The ancient Hawaiians’ version of property ownership was by ahupua‘a, a division of land running from the mountains (mauka) to the sea (makai). The ahupua‘a supplied food and materials to the maka‘ainana (commoner residents) who tended the land, as well as to the konohiki (overseers) who administered the ahupua‘a, and the ali‘i nui (chief), who was often responsible for one or more ahupua‘a. Today, Article XII, Section 7 of the Hawaii Constitution, adopted in 1978, states “The State reaffirms and shall protect all rights, customarily and traditionally exercised for subsistence, cultural and religious purposes and possessed by ahupua'a tenants who are descendants of native Hawaiians who inhabited the Hawaiian Islands prior to 1778, subject to the right of the State to regulate such rights." These rights are maintained regardless of the ownership of the land.
A dramatic change occurred in 1845 when King Kamehameha III changed property ownership to be more like the westernized system with land titles. Hawaii lands were divided up among the Kingdom, Chiefs, and the Territorial government, in what is known as Ka Mahele ( “The Division”). In 1850, a law was passed allowing native tenants to claim title to the lands they worked and acquire what is known as a Kuleana parcel. Today Kuleana rights are still attached to the land irrespective of the current owners of the title or deed. The rights attached to the decedents of the original Kuleana owners include: access, agricultural use, gathering and religious ceremony rights, rights to a single-family dwelling, water rights, and fishing rights. An adjoining property may be the only way to access to Kuleana and the rights to water in a stream on the property may be under the control of the Kuleana. Many of the Kuleana are never used, but at any time a group or individual could show up and plant taro or construct a house on the parcel within the property. Kuleana details are defined in Hawaii Revised Statutes (HRS) Chapter 183C.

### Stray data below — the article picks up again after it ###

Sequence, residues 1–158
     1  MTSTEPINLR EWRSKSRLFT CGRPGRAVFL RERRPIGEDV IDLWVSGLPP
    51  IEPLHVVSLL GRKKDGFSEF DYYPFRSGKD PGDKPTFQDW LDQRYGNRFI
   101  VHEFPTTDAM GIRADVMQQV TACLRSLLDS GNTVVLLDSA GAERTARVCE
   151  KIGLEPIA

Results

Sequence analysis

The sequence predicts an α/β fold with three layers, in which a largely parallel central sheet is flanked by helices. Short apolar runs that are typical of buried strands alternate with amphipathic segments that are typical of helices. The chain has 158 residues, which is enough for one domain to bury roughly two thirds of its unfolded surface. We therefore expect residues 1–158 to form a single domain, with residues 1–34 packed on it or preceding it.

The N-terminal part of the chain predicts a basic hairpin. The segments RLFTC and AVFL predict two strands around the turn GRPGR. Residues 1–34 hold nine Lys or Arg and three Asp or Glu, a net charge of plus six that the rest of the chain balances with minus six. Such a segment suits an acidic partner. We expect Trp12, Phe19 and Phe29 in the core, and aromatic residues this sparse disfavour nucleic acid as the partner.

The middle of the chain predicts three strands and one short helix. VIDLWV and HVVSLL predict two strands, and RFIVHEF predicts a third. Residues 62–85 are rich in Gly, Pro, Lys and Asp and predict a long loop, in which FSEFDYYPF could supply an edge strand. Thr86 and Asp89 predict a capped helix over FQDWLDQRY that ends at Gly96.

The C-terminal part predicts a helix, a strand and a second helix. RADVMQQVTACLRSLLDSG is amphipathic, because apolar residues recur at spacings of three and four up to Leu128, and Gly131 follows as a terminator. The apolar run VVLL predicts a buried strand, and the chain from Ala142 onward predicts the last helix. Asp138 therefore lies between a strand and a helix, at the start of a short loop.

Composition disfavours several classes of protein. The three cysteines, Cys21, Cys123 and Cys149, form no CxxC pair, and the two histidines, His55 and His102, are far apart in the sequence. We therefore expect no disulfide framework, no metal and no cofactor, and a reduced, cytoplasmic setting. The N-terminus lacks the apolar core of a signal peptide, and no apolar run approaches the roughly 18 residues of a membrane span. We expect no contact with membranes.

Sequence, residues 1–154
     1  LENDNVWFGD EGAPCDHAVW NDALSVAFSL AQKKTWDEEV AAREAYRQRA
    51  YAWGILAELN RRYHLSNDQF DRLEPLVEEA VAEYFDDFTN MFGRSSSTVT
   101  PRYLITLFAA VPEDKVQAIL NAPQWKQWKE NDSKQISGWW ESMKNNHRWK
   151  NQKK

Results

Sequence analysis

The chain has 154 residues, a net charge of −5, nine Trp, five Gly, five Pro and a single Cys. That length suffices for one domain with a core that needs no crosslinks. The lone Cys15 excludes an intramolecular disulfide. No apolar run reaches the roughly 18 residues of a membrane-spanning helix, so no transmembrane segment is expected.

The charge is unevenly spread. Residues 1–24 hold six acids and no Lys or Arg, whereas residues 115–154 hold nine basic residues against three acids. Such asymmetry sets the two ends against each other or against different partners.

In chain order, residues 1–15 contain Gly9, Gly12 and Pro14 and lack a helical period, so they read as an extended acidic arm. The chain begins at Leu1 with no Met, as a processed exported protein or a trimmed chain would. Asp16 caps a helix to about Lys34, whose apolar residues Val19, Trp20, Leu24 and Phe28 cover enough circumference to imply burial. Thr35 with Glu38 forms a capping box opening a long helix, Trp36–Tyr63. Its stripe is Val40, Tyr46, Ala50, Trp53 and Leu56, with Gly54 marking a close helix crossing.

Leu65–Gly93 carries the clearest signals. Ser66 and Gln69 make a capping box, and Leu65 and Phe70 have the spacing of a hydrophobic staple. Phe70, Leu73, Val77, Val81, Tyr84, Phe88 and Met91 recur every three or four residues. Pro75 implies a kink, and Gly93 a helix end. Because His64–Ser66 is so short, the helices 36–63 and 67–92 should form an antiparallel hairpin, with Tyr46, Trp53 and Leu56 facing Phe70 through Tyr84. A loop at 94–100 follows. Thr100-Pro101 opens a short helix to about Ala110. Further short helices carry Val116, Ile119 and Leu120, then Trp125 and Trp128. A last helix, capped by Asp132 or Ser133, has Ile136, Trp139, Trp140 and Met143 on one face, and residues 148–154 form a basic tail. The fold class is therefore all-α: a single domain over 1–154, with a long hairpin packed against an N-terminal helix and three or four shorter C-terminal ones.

The Highways Act of 1892 approved by Queen Liliuokalani guarantees the public’s right-of-way to all existing trails at that time. This act combined with HRS Chapters 171 and 264. is under the jurisdiction of the State Board of Land and Natural Resources so that private property with historically used trails must allow public access to the trail.
And any property with a building, structure, or burial site that is over 50 years old may be designated as a Historic site under HRS Chapter 6E. The DLNR State Historic Preservation Division is responsible for all 6E sites and property owners are limited in what they can do with that portion of their property. In many cases the sites are cordoned off so that the historic areas cannot be accessed by the owners.
But, even if a fee-simple property doesn’t have a Kuleana, historic site, or trail on it, native Hawaiians may still have the right to gather on the property for religious or cultural purposes. The Hawaii Supreme Court ruled that Hawaii Revised Statutes section 7-1 protect the gathering rights of native Hawaiians on Moloka’i on private property. Pele Defense Fund also won a case that gave them access to private land for religious purposes based on the land’s historic use. In another case, a building permit issued by Hawaii County to develop a resort was successfully challenged when the Hawaii Supreme Court ruled that native Hawaiians retain their rights to pursue traditional and customary activities. The Hawaii Supreme Court did clarify that “fully developed” residential property is not open to native Hawaiian gathering rights, but the court acknowledged that the reality of property ownership in Hawaii is that “ land title in Hawaii confirms only a limited property interest”.